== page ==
We have thought carefully about the changes that might happen in school on the run up to Christmas. Vice Principal, Lucy Sinclair from Mackenzie Thorpe Centre has put some useful tips together on how teachers can support autistic children in the classroom.

We know that every child is different so please take time to consider what would be appropriate for the children you support.

We have thought about the use of Christmas decorations, nativity, Christmas craft, parties and the change in routine.

Christmas Decorations

For autistic children the change in routing can be different and seeing Christmas decorations in the classroom may be overwhelming because the environment they are used too has changed overnight. This may cause anxiety and result in a child refusing to enter the classroom.

Here are a few ways that you can support a child:

  • Write a social story to explain to pupils why we decorate and make the classroom at Christmas
  • Try to keep the classroom tidy and decorations to a minimal
  • Involve children in decoration the Christmas tree and have say in where it should be placed


School nativity

The timetable in school may have changed to accommodate planning for the school nativity.  Singing, performing, dressing up and singing is all a change in routine which may be confusing for an autistic child but what by far the most unsettling thing is the constant, unpredictable changes to the timetable. The spontaneous practice for the nativity may be exciting for the rest of the class but for an autistic child this change can be too much.

Here are a few ways that you can support a child:

  • Write a social story about what the play is about and why we take part in a nativity play at Christmas
  • Make sure to add a nativity symbol on their visual timetable and schedule
  • Speak to parents about how their child copes at Christmas and what tips they have to support and involve their child
  • If children can’t cope with too much sitting and waiting when the class are practicing the performance then bring a box of activities that are linked to their special interest into the area where the class are performing
  • Do what you can to help the child take part in the performance and always prepare them for anything new. For example ,if the child would like to be a part of the performance show the child the costumes. But you can also consider other important roles such as music, lighting and directing the performance. Having these adaptations will show the child that they are included.


Christmas Crafts

Schools can go craft crazy at Christmas glue, glitter, shiny paper and many competing textures can be a big sensory distraction or overload for some autism children. Which can send them into sensory overload and become dysregulated.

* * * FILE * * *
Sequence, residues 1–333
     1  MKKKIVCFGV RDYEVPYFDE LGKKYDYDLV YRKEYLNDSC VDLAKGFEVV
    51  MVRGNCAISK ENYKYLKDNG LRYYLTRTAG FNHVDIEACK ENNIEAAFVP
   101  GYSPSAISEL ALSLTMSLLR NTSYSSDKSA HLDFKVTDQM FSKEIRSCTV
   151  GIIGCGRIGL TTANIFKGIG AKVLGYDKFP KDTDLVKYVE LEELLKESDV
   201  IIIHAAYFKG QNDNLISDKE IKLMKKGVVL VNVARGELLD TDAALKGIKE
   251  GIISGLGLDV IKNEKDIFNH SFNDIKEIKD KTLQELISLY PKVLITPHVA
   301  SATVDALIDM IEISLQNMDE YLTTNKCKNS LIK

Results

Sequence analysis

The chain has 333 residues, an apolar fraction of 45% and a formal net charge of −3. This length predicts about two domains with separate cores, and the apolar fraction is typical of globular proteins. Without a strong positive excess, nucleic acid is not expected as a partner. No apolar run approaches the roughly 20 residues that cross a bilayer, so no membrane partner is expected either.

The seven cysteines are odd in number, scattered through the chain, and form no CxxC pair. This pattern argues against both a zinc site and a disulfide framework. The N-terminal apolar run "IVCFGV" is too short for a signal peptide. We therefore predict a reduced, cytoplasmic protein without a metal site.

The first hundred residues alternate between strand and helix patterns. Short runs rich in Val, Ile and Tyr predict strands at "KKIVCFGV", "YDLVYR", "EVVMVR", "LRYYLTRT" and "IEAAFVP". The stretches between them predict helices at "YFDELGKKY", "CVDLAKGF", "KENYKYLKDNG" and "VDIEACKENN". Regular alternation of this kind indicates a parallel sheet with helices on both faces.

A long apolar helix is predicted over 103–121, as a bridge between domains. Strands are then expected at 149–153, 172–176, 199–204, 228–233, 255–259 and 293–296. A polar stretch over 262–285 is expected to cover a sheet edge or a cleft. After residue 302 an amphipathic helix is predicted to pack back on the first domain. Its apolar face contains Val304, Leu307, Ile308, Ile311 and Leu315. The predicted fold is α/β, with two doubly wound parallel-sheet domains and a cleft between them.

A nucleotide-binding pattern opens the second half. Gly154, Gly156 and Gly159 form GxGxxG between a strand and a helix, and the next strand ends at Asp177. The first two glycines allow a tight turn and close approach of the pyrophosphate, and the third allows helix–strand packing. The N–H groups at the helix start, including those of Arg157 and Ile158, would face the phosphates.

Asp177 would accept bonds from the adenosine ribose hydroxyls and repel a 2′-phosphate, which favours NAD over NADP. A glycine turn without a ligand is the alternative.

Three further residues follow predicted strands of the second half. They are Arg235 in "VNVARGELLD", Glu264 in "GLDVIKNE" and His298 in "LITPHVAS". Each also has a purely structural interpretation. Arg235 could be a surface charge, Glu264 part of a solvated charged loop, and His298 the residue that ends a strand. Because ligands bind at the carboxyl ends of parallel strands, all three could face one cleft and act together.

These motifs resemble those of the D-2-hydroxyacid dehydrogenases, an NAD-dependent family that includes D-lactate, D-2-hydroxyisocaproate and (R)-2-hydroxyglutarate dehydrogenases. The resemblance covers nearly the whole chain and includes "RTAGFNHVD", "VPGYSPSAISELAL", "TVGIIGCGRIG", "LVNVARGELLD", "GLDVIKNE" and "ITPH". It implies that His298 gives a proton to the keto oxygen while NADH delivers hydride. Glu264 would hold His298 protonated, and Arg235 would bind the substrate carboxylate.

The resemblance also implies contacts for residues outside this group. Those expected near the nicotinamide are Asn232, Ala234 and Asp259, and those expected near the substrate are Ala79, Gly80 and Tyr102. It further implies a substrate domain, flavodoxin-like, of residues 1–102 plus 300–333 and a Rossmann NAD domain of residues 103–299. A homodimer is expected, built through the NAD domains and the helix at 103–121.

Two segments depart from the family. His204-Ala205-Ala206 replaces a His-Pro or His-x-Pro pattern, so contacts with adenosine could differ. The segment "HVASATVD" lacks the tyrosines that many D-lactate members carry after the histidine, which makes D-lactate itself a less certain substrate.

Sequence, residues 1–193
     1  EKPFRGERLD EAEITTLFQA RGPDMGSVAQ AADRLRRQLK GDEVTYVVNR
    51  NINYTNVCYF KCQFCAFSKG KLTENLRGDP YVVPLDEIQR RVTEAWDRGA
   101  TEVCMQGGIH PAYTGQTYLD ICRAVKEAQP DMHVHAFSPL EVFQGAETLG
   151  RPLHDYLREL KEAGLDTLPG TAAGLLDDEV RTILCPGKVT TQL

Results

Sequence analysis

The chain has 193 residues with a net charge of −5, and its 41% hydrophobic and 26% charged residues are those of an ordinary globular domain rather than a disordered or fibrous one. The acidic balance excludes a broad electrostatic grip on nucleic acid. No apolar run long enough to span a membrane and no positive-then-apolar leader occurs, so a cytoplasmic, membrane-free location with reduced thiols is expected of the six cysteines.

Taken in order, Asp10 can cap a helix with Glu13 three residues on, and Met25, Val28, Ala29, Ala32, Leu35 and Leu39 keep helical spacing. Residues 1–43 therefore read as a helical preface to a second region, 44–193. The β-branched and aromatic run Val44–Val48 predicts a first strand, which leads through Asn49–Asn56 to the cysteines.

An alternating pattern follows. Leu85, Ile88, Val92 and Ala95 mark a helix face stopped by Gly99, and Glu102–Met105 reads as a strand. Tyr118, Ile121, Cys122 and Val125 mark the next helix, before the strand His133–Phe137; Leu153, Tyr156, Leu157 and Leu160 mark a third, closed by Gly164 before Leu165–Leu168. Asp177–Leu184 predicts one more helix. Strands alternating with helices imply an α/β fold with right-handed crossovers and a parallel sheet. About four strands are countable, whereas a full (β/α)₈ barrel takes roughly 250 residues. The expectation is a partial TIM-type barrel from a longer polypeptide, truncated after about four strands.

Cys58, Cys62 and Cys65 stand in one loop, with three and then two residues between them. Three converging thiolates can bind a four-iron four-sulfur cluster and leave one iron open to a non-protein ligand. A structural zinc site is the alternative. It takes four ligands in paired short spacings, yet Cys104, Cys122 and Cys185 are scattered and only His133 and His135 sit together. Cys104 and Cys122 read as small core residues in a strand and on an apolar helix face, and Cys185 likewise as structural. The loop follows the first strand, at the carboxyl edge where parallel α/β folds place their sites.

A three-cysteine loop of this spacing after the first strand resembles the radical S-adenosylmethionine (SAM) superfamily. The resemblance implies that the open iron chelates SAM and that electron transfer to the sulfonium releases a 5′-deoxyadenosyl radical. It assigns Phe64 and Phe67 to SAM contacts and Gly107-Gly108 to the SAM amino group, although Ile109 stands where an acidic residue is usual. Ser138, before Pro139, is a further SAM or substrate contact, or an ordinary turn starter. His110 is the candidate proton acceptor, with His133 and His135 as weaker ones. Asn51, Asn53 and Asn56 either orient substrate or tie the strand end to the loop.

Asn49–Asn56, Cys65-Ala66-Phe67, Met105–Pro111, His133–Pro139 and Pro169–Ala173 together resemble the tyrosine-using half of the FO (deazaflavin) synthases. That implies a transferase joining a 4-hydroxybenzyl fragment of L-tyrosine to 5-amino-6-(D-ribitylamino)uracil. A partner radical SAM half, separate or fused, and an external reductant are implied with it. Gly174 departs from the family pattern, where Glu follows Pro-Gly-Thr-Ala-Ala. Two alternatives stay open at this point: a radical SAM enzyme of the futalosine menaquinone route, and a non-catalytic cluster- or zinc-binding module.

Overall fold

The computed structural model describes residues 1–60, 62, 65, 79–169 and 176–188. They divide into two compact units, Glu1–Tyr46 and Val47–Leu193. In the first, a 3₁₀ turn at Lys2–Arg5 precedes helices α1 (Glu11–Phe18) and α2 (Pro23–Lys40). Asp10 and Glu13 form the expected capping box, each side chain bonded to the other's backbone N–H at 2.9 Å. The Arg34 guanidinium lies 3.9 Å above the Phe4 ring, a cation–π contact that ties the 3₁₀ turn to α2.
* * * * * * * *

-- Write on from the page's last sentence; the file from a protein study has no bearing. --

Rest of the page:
Here are a few ways that you can support a child: 

  • Slow down! It’s better to do one or two activities rather than too many half-finished projects.
  • Do activities based around what the child is interested in. For example, if the child likes Lego let the child make a Lego Christmas Tree, scene or angel
  • Don’t insist that the child must take part in the Christmas craft activity. They may need to do an activity that is based on their regular routine instead. For example if its normally a Maths lesson then let do a maths based activity.


Christmas Party

Getting ready and going to a Christmas party may be too much for an autistic child to process. A party can easily be overwhelming for an autistic child from the different clothes, loud music, smells from the food and dancing but it may also be time for them to relax, not have schoolwork demands and share some of their favourite music.

Here are a few ways that you can support a child:

  • Write a social story about what will happen at the party and what you can do to prepare for it and explain they can wear different clothes for school and that’s ok and make sure that parents have a copy to read at home
  • Put the party date on a visual calendar in the classroom and one at home
  • Let the child choose some music to play and if they feel comfortable give them the job of being DJ
  • Make sure there is a quiet space/sensory areas for the child to go too if the party gets too much
  • Prepare a buddy group so friends can support each other at the party
  • Encourage children to bring a favourite toy to the party as a point of comfort
  • Have a visual card showing their emotions that the child can show a trusted adult if they were feeling overwhelmed

Change in Routine

All the activities that happen for Christmas are not what we do normally. As the last couple of weeks arrive some of the pupils are tired, some are excited and the usual routines are abandoned for play, nativity practice, movies and craft sessions. Autistic children may also be tired, overloaded and exhausted from trying to keep up with all the different things that are happening. They may be anxious or over excited about Christmas and find it difficult to regulate their emotions.  

Here are a few ways that you can support a child:

  • Don’t forget their visual timetable it will be more important than ever to communicate what is happening and when
  • Consider having more sensory calming breaks, so the child has time to regulate
  • Have a stack of activities that they can access independently when others are doing something that they find uninteresting
  • Any autistic child can find a change in routing difficult, planning and preparation is key in making Christmas as enjoyable as possible.
  • We know it may be difficult to accommodate the many individuals in your class, however taking some time to think ahead and take into account the autistic child in your care will ensure everyone has access to the Christmas fun in their on way.

Making these changes promotes inclusivity and it will mean the world to the child’s family to see them involved in Christmas activities.

Find out more from our Festive Resources